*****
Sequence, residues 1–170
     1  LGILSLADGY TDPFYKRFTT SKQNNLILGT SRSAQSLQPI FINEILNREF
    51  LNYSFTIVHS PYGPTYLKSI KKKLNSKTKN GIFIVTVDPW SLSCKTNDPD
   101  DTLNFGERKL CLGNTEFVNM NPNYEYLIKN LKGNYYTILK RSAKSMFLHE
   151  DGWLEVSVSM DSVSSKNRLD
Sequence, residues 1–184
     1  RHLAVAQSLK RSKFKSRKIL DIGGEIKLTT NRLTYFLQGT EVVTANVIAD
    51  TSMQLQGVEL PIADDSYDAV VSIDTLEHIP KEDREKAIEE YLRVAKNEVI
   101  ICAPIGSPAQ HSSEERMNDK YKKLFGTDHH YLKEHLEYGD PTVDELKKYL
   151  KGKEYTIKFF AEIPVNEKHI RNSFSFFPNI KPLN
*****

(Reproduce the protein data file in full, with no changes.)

Sequence, residues 1–170
     1  LGILSLADGY TDPFYKRFTT SKQNNLILGT SRSAQSLQPI FINEILNREF
    51  LNYSFTIVHS PYGPTYLKSI KKKLNSKTKN GIFIVTVDPW SLSCKTNDPD
   101  DTLNFGERKL CLGNTEFVNM NPNYEYLIKN LKGNYYTILK RSAKSMFLHE
   151  DGWLEVSVSM DSVSSKNRLD
Sequence, residues 1–184
     1  RHLAVAQSLK RSKFKSRKIL DIGGEIKLTT NRLTYFLQGT EVVTANVIAD
    51  TSMQLQGVEL PIADDSYDAV VSIDTLEHIP KEDREKAIEE YLRVAKNEVI
   101  ICAPIGSPAQ HSSEERMNDK YKKLFGTDHH YLKEHLEYGD PTVDELKKYL
   151  KGKEYTIKFF AEIPVNEKHI RNSFSFFPNI KPLN